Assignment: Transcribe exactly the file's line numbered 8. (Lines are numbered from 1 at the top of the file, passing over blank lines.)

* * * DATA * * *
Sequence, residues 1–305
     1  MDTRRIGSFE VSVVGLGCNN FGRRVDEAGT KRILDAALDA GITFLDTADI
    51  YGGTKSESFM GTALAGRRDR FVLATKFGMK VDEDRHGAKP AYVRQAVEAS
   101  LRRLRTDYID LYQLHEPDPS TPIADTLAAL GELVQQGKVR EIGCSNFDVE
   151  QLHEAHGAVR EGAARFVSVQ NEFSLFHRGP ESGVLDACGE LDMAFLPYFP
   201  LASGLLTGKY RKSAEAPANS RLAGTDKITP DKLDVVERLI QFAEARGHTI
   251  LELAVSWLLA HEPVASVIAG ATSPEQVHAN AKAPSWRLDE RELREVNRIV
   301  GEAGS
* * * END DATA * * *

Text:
   301  GEAGS